Norman Lear on Old Age: "There's a Good Time To Be Had"

Courtesy of Sundance Institute
Norman Lear in 'Just Another Version of You'

In a new video, 'Not Dead Yet,' posted by The New York Times, the 93-year-old challenges media assumptions about the elderly.

Norman Lear had taken up plenty of causes during his life, but now, as he faces his 94th birthday on July 27, he’s turned his attention to challenging the common media stereotypes of what it means to be old.

“The culture dictates how you behave, and maybe the elderly buy into it, the way they grow old,” he says. “My role here now is to say, ‘Wait a minute, that’s not all there is. There’s a good time to be had at this age.'"

Lear stakes out that position in a new, 7 1/2-minute video from directors Heidi Ewing and Rachel Grady, who also directed the documentary Norman Lear: Just Another Version of You, which Music Box Films begins rolling out in theaters July 8. The new short, titled Not Dead Yet, debuted today as an “Op-Doc” posted by The New York Times.

In recounting how the short film came about, Ewing explained that in the documentary, which debuted earlier this year as the opening night film at the Sundance Film Festival, “We didn’t have the opportunity to talk about his take on age. When we were doing the movie, to be honest, he didn’t love talking about age and mortality. He does care about the portrayal of elderly people, but it was hard to get a persuasive conversation about it with him when we were making the movie.”

Since then, though, Ewing and Grady — whose credits include the Oscar-nominated 2006 doc Jesus Camp — have become much friendlier with Lear as they all traveled together to various film festival appearances. “Really, our friendship began once the film was finished,” she says, “because during the make of a film you can’t be friends with your subject.”

During one of their conversations, Lear told them of how frustrated he was that he couldn’t find any buyers for a script he’d written called Guess Who Died?, set in a senior living facility. Ewing and Grady suggested they film him auditioning actors for a reading and that becomes the heart of the new short film as Lear meets with such veteran performers as Paul Sorvino, Barbara Bain and Allan Mandell. “I wrote it because we are so under-represented,” Lear explains of the script.

As for the documentary, Norman Lear: Just Another Version of You, it takes a broader view of Lear’s life and career— from his teen years working at Coney Island to his groundbreaking sitcoms such as All in the Family and Maude to his founding of the progressive advocacy group People for the American Way in 1981. And also digs into family secrets — like his father’s incarceration for selling fake bonds — that haunted him into adulthood.

A production of PBS’ American Masters series came about after Ewing interviewed Lear for a documentary she was filming on women comedians for the PBS series Makers: Women Who Make America. “We just hit it off. I found him so wry and soulful,” recalls Ewing, who was struck by all the archival material, home videos and DVDs sitting on the shelves in his offices. She asked him why’d they’d never been a documentary about, but Lear said while there had been requests, he’d never been interested.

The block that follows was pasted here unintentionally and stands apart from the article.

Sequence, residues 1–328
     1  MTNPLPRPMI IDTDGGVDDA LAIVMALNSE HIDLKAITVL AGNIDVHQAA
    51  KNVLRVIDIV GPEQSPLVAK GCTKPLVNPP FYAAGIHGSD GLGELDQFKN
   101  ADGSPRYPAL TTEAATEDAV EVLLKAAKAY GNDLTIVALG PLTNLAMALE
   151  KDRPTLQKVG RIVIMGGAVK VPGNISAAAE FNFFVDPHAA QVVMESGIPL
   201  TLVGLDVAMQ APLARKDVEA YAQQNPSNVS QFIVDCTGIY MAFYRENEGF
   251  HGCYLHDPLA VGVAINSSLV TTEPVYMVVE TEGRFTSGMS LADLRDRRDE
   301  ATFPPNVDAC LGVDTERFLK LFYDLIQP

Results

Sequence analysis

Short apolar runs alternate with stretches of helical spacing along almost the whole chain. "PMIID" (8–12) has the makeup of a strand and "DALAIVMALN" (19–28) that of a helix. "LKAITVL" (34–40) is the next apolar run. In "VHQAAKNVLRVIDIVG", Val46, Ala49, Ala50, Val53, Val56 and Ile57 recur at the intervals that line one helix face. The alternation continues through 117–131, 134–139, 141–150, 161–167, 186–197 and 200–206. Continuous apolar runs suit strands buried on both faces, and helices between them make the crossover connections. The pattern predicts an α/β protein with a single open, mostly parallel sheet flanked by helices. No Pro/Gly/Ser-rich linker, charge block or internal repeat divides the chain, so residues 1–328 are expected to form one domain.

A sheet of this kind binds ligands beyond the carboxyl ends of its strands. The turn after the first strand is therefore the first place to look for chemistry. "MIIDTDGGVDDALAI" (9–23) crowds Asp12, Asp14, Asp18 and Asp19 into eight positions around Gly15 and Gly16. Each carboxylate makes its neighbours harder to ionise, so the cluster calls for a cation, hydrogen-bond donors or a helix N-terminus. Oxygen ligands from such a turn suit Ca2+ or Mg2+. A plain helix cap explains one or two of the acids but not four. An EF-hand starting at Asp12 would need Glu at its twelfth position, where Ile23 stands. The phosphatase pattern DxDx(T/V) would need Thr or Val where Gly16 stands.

But after he wrote his own autobiography, 2014’s Even This I Get to Experience, Lear became more receptive to the request from the two filmmakers, who wanted to tell his story. Says Ewing of Lear, “He’s like a Forrest Gump kind of character. He intersected with every major moment in the last 50 years in our culture and in American history, so we knew there was a good story there.” Adds Grady of Lear’s decision to finally turn his life over to someone else to tell, “Probably writing the memoir, putting all that stuff out into the world, prepared him to surrender [control] in some way.”  

One of the creative challenge, the documentary faced was finding ways to illustrate Lear’s early experiences as a boy and young teen. “It was really important creatively and intellectually to include those stories. But what do you do, when you don’t have material? You have to invent it,” Grady says. And so, for the portions of the film dealing with his youth, they cast a young actor, Keaton Nigel Cooke, to play a young version of Lear, wandering through his life.

They also filmed Lear as he watched clips from his work — one of Carroll O’Connor’s dramatic monologs from All in the Family, behind-the-scenes footage from Good Times — to catch his spontaneous and often very emotional reactions. What surprised the two filmmakers, says Grady, is “how someone of his success and power and influence was willing to be seen as human and vulnerable. He understands that vulnerability is what makes you interesting. And he puts his money where his mouth is. He’s the real deal.”

Watch the video below. 

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